Fishing the Dog Days of Summer

It’s throwback Thursday once again. Here’s a great article that appeared in our July newsletter last year.

By Paul Prentiss

For the last four or five years I’ve traveled to the Encampment River in Wyoming with my fishing partner, Bruce Mardick. We try to time the trip to coincide with the end of runoff in hopes of hitting the Green Drake hatch. Circumstances this year prevented a timely arrival. The best we could do was a mid-July adventure.

It’s hard to imagine but we were greeted with low flows, bright sunshine, hot weather, and limited floating opportunities on either the Encampment or the adjacent North Platte rivers. Most of the fishermen had disappeared from the public stretches. Sounds like a recipe for a difficult trip, but it wasn’t.

We caught plenty of large fish by focusing on nymphing deep runs with two or three fly setups configured to dredge the bottom with large weighted rubber legged Stones (6 to 8) and small (16 to 18) beatis or caddis style droppers. We used 4X tippet on 10-foot leaders with strike indicators set about 1 to 2-feet above stream depth.

We carried along a secondary dry fly rod rigged with a caddis dry and trailing midge pattern to cast to any risers or to probe spots under stream foliage or other likely looking possibilities. Ninety percent of the fish were taken on nymphs but we occasionally got a good take on the surface.

Most fishermen facing these conditions would probably have marginal results and here’s why:

  1. They get much too close to the runs….this is not a short line stand on top of the fish game.
  2. The flies do not get down to the strike zone quickly….when my weighted Stone hits the water it drops immediately to the bottom. I never use split shot.
  3. The indicators are not set or adjusted to the optimum point to the leader….most fishermen place their indicator way too high and never make adjustments as they fish.
  4. They are fishing the wrong spots…..look for current, drop-offs, holding structure, and slots that channel food to fish, and shaded areas in deeper water.Where to Fish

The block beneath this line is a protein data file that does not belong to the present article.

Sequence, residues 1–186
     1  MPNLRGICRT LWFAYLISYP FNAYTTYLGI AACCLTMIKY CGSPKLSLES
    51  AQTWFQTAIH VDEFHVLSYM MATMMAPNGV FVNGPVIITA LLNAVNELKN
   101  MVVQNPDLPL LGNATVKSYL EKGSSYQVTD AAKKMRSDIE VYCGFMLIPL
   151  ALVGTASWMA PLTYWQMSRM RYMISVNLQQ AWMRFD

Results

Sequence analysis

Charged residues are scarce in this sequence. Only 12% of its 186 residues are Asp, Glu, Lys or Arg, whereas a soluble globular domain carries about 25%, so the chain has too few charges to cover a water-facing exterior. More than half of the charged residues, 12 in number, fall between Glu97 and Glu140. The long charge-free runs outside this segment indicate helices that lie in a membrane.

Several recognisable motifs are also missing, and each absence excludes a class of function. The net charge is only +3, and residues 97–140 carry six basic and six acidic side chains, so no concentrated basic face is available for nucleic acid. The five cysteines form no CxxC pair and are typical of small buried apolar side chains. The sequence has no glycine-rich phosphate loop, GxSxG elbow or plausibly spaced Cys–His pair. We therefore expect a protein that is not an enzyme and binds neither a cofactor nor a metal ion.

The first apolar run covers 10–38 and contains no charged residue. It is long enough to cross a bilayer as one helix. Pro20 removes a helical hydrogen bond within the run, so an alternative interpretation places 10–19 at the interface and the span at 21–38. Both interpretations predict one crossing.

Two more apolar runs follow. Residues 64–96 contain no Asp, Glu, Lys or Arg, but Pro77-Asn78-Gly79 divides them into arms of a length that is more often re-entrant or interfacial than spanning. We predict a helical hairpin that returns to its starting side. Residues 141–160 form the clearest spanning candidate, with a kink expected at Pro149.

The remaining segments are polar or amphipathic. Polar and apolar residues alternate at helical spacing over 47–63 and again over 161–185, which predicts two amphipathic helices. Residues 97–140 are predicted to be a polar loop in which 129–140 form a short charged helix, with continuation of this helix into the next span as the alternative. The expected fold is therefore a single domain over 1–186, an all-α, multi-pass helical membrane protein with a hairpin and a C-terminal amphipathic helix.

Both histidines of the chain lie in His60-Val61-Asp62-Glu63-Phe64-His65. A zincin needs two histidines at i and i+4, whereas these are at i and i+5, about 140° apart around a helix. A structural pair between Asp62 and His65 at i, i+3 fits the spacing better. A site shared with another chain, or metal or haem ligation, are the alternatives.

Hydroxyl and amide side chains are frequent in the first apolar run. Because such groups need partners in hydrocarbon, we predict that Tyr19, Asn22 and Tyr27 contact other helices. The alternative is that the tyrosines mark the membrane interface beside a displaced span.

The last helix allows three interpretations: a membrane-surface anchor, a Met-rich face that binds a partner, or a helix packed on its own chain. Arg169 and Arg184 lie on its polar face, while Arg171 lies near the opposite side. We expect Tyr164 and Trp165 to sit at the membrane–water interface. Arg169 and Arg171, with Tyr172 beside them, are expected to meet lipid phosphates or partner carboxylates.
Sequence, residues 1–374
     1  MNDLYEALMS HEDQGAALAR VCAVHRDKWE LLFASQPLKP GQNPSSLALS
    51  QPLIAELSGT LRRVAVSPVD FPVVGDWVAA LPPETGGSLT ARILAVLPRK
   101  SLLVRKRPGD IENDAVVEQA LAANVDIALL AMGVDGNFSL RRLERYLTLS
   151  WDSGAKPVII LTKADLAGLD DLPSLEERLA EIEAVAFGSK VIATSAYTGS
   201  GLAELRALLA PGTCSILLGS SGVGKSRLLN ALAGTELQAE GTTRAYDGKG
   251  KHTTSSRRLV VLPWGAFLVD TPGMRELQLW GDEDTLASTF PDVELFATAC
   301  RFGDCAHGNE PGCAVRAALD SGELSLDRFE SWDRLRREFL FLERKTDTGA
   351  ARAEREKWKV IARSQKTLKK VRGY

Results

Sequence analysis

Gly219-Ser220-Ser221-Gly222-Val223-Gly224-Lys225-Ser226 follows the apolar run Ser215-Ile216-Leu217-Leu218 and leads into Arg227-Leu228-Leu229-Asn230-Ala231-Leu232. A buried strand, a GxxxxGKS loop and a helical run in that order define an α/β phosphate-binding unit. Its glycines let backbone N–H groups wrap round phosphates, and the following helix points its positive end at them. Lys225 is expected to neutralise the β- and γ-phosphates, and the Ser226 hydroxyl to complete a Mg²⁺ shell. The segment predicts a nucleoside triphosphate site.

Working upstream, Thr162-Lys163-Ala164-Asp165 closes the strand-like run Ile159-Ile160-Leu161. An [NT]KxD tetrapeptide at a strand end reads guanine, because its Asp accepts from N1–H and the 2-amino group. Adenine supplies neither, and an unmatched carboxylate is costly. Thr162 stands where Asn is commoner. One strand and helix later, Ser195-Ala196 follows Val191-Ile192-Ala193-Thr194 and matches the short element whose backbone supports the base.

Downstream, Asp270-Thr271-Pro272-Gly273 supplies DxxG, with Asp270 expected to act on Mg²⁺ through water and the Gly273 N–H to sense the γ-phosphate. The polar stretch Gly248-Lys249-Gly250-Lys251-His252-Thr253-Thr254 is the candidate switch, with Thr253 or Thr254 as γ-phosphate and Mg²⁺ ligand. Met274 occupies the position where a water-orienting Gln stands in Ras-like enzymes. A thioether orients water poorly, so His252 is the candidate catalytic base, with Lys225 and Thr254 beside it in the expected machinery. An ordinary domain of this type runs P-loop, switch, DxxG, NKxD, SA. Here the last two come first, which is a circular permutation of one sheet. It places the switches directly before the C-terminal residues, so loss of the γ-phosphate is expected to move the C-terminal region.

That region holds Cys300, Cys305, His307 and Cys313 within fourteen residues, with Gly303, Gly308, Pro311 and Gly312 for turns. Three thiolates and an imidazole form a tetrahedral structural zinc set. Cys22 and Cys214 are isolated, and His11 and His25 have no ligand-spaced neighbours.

5. The selection of flies is unimaginative….this means the patterns are all the same size/profile, reflect limited color/flash combinations.
  6. The rigging is badly assembled and/or the tippet is way too light…I’m talking about space between the flies, the knots, and the fly placement (weight in the middle or the end.  We never went lighter than fluoro 4X.
  7. Fly line management is forgotten…most of the time you have to throw mends into the line to get the right presentation and it should be done in a way that minimizes movement of the indicator.
  8. Detection of subtle strikes doesn’t happen….good nymph fishermen are constantly setting the hook at the slightest hesitation of the indicator….some folks call it bobber fishing but it’s not about waiting for it to go under. While we’re on the subject of indicators I’ve got a comment for those fishermen who think strike indicators are unnecessary. See how many strikes you can detect by watching your leader or fly line 30+ feet away.
  9. Get on the water early before other fishermen are tramping through the best water.
  10. Concentrate on finding difficult spots that other fishermen are likely to ignore….many times the best looking pools have been constantly pounded.

I kept an unofficial record of the fish we landed. Between Bruce and I we landed 44 fish in 1 1/2 days of fishing on public water in marginal conditions. Keep the above tips in mind during those long dog-days of summer and you’ll definitely increase your hook-ups!